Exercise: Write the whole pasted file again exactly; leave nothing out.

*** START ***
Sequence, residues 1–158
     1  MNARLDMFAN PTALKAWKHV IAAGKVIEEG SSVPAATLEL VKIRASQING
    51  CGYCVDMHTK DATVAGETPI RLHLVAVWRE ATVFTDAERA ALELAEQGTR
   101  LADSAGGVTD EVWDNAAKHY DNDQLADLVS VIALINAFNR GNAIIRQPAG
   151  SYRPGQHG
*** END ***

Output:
Sequence, residues 1–158
     1  MNARLDMFAN PTALKAWKHV IAAGKVIEEG SSVPAATLEL VKIRASQING
    51  CGYCVDMHTK DATVAGETPI RLHLVAVWRE ATVFTDAERA ALELAEQGTR
   101  LADSAGGVTD EVWDNAAKHY DNDQLADLVS VIALINAFNR GNAIIRQPAG
   151  SYRPGQHG